Excellence isn’t enough.
By Mark Sanborn
A car is a car, but a BMW is a driving machine. (BMW enjoys the highest profit margin in the luxury car segment.)
There is the iPad, and then there are products generically called “tablets.”
And why the premium on bags with the easily recognized Gucci logo?
Sameness we forget. Distinctive we remember, pay more for and tell others about. Success in 2013 and beyond isn’t about being excellent, good or even great. It is about being distinctive.
Excellence used to be the goal of every successful business. Today it isn’t enough and here’s why:
- Excellence is relatively easy to accomplish. A good copycat watches what the industry leader is doing and then does the same things. If you’re only excellent, you’re vulnerable.
- Excellence is a moving target. Today’s “excellent” can be next month’s “mediocre.” In a competitive market, the trend is always towards better, so excellence can never be something you attain with finality.
- The more excellent you become, the more demanding your customers become. A customer’s expectations increase over time based on previous experience. Getting better drives customer expectations up.
In essence, the biggest problem with excellence is that it isn’t distinctive. The killer marketplace strategy is to be distinctive: to go beyond excellent to offer something distinct and unique to your company. That way if customers ever go someplace different, they’ll miss the distinction you represent and return.
So what are the marks of distinction?
There are several things common to all companies who achieve distinction. They are: engaged people, involved customers, perpetual innovation and strategic execution.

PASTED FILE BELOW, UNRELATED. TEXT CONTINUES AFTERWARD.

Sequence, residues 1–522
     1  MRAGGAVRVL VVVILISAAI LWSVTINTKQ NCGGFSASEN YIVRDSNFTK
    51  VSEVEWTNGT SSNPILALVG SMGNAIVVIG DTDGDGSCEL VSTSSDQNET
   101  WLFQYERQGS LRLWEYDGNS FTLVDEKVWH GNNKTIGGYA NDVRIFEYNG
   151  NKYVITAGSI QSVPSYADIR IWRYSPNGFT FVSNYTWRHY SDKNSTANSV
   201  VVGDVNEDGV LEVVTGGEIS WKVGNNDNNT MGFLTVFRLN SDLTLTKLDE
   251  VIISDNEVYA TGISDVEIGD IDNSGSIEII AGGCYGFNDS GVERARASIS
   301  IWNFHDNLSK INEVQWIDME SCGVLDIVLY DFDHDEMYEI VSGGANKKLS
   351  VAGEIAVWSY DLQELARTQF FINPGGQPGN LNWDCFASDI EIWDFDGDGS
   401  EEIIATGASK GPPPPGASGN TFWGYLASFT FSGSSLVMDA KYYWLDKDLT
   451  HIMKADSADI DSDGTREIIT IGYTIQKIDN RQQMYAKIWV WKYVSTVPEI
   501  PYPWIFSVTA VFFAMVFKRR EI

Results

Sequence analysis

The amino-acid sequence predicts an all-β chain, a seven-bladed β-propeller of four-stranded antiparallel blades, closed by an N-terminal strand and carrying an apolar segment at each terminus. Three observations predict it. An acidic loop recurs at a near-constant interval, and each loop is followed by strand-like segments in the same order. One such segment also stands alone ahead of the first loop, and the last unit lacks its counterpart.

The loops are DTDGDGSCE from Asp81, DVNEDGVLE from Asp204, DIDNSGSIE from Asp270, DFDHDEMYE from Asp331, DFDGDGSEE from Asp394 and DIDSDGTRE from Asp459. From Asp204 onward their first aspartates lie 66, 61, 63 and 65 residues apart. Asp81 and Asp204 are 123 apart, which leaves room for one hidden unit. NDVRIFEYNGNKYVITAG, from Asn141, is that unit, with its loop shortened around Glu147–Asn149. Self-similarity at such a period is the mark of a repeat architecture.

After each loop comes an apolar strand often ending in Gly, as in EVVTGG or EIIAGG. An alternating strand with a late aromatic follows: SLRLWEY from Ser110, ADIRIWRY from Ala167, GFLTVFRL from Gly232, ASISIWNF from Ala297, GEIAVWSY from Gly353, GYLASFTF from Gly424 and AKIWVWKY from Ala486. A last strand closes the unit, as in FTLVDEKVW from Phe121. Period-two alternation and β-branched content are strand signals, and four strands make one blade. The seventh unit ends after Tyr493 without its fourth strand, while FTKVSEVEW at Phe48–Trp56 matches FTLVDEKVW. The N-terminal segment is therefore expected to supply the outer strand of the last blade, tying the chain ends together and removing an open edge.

Engaged Employees. Engagement is about focus and passion; attention and intention. Engaged employees are involved with their work and compelled to do it with panache. The challenge is to get people as engaged about their work as they are about their outside interests and hobbies. Engaged people work smarter, serve better and come up with new ideas.
Involved customers. To have fans, you need involved customers. Involvement creates ownership and passion. Involved customers give feedback, and you listen. They make suggestions, and you take note. They ask questions and you answer. They tell others and you enter into the conversation. Today, the old adage might no longer be true: no news may not be good news. No news from those who buy and use your products probably means they aren’t involved.
Perpetual Innovation. This includes both incremental and revolutionary improvements. The status quo is a myth. You’re either getting better or you’re getting worse. I first heard Woody Hayes, late coach of The Ohio State Buckeyes say those words over 20 years ago and they are as true today than ever. Innovation must be applied to everything: operations, products and even how we think and lead.
Strategic Execution. You can write a million lines of computer code, but until you add the four characters “.exe”, the code is worthless. Business dominance isn’t about how much you know, but how well you apply and execute what you know. It’s a matter of IQ. That doesn’t stand for “intelligence quotient” but rather implementation quotient, and that is the difference between common knowledge and consistent application.
The future will be anything but boring. I hope you share my enthusiasm for challenge, because as business leaders, you have plenty of them. Just make sure you get serious about pursuing and developing distinction.